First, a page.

All roots are bases, but not all bases are roots. Roots are monomorphemic. For many words in English, root = base = stem:

cat, dog, see, happy, run, gray, hope, up, over, if, under, that.

Figure See . should now be replaced with See .:


An example of a base occurs in refigerator. It can be broken down into the following morphs:


We look for bases from bottom up. Start with the root; to do so removed what you think are the affixes. If you ripped off re-, -er-, +at, and +or, you did well. The root is `frig'. We find this root in frigid, But *frig-er is not a word. It has no lexical meaning; therefore, it cannot be a stem. It must be a base. Note that whereas `frig' is a root and a base, `frig-er' is a base, but it is not a root. It is not a stem since it has no lexical meaning.

frig. [root, base].
  1. -er [suffix].
  2. frig-er. [base].

Now add `re-'. *refriger' is not a word nor does it have lexical meaning. It must be a base:

re- [prefix]
  1. re-frig-er [base].

Now add `+ate'.' refrigerate' is a word. It is a verb stem with the meaning of keeping cool or cold. But, it is also a base, because we added an affix to a base. The base is also a stem if it has lexical meaning, which it does:

+ate [suffix].
  1. re-frig-er+ate [base, stem].

Add an inflecting suffix to make it a word form:

+ed [inflectional suffix].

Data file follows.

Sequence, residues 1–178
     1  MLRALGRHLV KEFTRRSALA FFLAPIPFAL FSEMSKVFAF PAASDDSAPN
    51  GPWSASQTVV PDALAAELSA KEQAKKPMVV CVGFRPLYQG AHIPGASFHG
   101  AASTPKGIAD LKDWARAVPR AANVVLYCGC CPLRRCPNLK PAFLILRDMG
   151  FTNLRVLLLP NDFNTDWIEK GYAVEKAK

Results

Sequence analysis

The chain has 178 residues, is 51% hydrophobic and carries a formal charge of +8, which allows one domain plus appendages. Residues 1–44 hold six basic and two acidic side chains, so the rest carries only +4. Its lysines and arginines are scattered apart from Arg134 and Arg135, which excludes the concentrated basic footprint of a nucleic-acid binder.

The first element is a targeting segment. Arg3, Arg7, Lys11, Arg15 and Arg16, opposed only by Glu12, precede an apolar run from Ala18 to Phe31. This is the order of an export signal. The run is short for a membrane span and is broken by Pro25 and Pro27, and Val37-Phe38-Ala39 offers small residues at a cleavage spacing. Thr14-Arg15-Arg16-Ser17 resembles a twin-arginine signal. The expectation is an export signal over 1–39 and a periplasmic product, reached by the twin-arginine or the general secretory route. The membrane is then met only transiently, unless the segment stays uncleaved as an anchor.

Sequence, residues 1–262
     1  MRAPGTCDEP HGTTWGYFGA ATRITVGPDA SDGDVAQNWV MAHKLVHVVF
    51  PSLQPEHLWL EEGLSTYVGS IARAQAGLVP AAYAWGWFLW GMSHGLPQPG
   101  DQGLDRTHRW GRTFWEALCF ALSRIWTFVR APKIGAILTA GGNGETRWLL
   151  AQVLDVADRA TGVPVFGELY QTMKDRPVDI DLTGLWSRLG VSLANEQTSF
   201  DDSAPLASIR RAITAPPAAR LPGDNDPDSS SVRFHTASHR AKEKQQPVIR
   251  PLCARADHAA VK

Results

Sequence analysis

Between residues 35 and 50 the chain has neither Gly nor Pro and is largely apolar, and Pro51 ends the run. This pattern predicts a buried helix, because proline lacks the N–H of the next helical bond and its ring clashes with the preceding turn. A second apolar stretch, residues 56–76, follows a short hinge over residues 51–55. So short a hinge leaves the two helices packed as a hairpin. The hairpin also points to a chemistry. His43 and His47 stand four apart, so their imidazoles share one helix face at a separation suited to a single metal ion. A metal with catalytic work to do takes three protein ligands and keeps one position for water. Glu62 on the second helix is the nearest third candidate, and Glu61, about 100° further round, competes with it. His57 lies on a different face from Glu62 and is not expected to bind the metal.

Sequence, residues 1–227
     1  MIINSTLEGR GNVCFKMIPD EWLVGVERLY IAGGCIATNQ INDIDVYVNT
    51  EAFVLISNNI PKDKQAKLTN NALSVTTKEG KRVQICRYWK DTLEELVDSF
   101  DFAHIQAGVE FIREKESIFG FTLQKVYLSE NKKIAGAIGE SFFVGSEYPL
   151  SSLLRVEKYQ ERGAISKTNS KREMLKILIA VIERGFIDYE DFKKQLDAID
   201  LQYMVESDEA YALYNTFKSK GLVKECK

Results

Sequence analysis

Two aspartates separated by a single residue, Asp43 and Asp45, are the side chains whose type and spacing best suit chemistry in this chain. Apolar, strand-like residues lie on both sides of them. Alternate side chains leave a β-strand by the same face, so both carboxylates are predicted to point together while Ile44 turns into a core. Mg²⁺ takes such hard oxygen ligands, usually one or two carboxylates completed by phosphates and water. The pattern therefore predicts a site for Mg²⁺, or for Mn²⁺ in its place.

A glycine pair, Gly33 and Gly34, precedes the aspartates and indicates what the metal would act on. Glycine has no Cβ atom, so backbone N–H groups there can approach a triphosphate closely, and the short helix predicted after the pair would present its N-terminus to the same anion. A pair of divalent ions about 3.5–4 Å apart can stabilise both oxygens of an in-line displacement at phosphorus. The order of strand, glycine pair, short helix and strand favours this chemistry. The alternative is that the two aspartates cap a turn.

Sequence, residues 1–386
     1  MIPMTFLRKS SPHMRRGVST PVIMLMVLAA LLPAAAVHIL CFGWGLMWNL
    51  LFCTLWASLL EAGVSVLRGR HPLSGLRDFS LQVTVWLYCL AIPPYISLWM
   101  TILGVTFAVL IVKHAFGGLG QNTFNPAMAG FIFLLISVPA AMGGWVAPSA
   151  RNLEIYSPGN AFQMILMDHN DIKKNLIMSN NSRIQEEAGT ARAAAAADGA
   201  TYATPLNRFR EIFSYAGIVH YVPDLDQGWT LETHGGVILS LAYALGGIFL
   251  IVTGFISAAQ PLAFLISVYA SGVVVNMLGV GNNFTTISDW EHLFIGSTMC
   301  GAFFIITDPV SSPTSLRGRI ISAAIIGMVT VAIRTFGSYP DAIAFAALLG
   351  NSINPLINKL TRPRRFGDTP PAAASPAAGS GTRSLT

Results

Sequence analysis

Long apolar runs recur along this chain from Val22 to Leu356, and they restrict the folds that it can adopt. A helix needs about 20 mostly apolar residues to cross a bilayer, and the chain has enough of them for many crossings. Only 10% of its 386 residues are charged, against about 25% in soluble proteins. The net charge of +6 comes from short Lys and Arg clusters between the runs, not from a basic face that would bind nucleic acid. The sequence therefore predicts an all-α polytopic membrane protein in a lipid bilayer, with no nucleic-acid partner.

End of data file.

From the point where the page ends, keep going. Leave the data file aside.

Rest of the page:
1. re-frig-er+at+ed [word form].

Add another derivational suffix to the lexical stem to form a new base; if it is lexical it is then a stem:

+or [derivational suffix]
  1. re-frig-er+at+or [base, stem].

Add an inflectional suffix to make it a word form:

+s [inflectional suffix].
  1. re-frig-er+at+or+s. [word form]

There are two kinds of affixes: derivational and inflectional. Inflectional affixes occur on the outside of derivations affixes; that is, the derivational affix is always closer to the stem than the inflectional one:

burners, *burnser
  1. burn+er+s, *burn+s+er.

Inflectional affixes carry grammatical meaning. Grammatical meaning is meaning that is required by the grammar. It can't be deleted:

two dogs
  1. *two dog

See two dogs.b) could be wrong for two reasons. The first is dog is not marked for number (singular vs. plural). The second is that dog is interpreted as singular, in which case grammatical agreement does not apply.

John plays everyday.
  1. *John play today.
  2. *John played now.

See John plays everyday..b) needs a suffix--either `s' to mark the present tense or `ed' to mark the past tense. See John plays everyday..c) has a suffix but it is the wrong one. The time adverbial `now' requires the present, not the past tense. It is the grammar of English that required this. Sometime a particular form is phonetically missing. This could mark a construction where the form is not required. However, we don't find this in simple verbs. An example would be the following:

John worked here yesterday.
  1. John has worked here for six months.

In See John worked here yesterday..a) the sentence is marked as imperfect by the lack of some form of the verb to have. In See John worked here yesterday..b) has marks the present perfect.